Must be refuelled by gathering and preparing kindling (paper/cardboard mixed with light twigs/branches/slips of wood etc.)
and by hauling logs to keep it fueled.
One large basket of fuel is generally more than sufficient but more may be required if at home during weekends.

Pellets do have benefits but also cost more.

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 Post subject: Re: Wood pellet boiler stoves/ranges
PostPosted: Sun Jul 15, 2018 10:31 pm 
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Joined: Jan 31, 2007
Posts: 333
Location: Middle Earth
wii4miinow wrote:
Just a few words from a householder who heats (i.e. heat for central heating and heat for domestic hot water in the winter) by wood fuel.

I generally burn logs and branches.
There is access locally to large amounts of timber and the best period to harvest is spring into summer. Cost is generally down to personal time; fueling, oiling & sharpening of chainsaw and haulage.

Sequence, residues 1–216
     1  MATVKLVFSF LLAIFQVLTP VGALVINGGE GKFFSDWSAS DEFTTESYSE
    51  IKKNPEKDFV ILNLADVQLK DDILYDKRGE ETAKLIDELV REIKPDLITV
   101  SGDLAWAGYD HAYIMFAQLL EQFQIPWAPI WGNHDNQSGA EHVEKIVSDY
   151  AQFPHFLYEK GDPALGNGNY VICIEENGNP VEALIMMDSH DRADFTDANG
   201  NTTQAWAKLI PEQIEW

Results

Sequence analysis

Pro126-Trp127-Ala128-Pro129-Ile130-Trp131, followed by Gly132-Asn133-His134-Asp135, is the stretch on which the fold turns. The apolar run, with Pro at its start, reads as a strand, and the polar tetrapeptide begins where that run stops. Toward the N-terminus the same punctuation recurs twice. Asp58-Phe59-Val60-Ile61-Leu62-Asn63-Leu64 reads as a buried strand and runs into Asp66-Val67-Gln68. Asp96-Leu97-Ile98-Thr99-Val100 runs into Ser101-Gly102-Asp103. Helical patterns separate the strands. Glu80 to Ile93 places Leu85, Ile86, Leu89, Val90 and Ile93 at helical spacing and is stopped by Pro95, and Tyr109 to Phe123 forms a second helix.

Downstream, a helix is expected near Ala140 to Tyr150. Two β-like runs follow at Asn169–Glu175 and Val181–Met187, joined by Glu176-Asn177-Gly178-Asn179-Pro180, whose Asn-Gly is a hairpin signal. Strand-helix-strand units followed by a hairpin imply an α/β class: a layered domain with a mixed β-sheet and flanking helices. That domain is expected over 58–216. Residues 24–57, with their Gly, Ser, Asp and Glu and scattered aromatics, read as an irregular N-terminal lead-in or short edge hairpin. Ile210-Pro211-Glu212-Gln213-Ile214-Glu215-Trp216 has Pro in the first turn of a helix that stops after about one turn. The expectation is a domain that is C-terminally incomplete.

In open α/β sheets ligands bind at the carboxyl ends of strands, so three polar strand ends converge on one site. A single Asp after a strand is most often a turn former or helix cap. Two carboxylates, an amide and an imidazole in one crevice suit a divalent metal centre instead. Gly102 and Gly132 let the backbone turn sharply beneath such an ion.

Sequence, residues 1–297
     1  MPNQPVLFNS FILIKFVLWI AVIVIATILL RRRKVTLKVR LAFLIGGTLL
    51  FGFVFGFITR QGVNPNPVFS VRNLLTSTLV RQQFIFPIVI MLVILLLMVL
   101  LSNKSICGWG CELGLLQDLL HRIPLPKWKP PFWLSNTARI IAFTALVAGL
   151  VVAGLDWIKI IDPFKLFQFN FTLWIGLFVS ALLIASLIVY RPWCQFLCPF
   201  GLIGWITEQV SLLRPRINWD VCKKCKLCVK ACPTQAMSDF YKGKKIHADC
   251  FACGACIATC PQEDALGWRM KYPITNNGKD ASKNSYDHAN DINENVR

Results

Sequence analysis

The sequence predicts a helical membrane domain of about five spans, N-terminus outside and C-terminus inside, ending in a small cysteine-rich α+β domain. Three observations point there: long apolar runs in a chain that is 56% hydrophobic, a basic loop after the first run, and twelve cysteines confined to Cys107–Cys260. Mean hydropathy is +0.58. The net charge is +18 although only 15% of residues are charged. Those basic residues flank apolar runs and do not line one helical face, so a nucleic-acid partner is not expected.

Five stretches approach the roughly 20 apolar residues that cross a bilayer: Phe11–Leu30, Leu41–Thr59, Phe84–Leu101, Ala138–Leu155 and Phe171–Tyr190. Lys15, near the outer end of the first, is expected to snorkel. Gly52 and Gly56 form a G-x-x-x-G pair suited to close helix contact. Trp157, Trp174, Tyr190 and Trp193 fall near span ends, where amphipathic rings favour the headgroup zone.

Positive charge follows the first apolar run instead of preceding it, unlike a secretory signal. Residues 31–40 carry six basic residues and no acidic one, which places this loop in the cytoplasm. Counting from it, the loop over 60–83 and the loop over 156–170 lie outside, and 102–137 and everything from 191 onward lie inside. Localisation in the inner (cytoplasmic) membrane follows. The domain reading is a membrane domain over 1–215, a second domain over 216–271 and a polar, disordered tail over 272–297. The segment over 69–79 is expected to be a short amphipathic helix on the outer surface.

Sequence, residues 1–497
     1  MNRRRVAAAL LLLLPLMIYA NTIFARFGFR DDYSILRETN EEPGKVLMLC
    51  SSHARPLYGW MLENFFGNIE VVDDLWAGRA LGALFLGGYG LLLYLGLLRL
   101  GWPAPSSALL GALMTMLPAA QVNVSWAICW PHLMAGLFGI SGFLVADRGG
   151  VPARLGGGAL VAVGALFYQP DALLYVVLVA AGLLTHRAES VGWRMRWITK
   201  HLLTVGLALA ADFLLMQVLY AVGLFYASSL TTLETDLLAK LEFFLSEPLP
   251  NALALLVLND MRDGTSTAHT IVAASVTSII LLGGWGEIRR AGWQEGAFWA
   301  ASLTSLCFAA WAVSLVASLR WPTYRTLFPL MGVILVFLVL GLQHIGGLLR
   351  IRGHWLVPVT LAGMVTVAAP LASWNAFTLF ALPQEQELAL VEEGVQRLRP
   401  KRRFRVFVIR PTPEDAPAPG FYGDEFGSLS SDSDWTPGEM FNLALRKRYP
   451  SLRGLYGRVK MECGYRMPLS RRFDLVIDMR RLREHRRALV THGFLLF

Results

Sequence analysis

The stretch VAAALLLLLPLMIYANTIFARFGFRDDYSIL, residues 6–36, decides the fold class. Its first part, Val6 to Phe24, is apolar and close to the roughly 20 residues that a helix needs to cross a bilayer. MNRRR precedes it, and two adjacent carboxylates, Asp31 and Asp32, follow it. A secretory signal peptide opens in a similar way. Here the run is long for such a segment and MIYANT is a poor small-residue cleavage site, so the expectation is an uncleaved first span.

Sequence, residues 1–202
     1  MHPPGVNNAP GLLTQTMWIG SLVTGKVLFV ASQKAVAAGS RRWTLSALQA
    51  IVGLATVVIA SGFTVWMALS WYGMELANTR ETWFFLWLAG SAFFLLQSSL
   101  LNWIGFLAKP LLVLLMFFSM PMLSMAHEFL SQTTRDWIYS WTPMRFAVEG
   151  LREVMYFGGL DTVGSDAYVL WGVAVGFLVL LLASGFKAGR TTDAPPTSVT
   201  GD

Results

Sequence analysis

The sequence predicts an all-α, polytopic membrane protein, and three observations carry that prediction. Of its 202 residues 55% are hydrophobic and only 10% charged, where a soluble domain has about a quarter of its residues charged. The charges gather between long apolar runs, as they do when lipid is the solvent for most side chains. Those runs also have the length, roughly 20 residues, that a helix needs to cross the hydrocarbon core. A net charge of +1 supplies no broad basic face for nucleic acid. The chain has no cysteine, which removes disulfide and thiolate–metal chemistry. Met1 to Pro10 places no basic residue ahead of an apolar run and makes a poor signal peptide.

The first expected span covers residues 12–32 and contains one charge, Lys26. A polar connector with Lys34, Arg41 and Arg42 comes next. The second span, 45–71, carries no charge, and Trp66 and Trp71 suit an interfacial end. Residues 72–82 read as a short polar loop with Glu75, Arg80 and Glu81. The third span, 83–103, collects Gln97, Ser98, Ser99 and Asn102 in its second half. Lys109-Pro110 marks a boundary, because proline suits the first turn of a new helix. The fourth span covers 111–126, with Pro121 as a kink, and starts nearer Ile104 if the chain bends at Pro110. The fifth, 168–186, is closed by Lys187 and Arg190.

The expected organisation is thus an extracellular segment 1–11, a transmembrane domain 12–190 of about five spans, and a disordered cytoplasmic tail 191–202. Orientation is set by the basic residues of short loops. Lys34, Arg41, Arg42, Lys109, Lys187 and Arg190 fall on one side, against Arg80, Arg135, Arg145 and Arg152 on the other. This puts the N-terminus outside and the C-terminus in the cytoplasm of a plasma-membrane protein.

Due to the nominally free fuel the cost is less than pellets, for me in this location at least.

A few negatives;
A wood log stove is generally not automatic. But I do clean and kindle/reload/refuel it in the morning generally in the winter so that on return home in the evening it is ready to go and it warms up very fast indeed.
If memory serves me correct it is rated at approximately 20kW. 5kW to room and 15kW to water.
There is a large storage tank that holds the hot water produced which is used for regular needs (showers, sinks etc.)

A wood log stove requires labour:
Must generally be emptied of ashes every day or every other day depending on the amount of ash and duration of burning etc.
Must be refuelled by gathering and preparing kindling (paper/cardboard mixed with light twigs/branches/slips of wood etc.)
and by hauling logs to keep it fueled.
One large basket of fuel is generally more than sufficient but more may be required if at home during weekends.

Pellets do have benefits but also cost more.


I'm in much the same situation, but buy blocks in bulk on donedeal. I heat a 3 bed semi early 60's build, D2 BER, 125m2 for about €1100 a year. The moisture content is key and getting to know a couple of sellers on donedeal that actually season the wood for > 12 months is neccessary, plus I buy in the spring so it's got 2 summers drying. I do mix in a bit of coal for the really cold days too.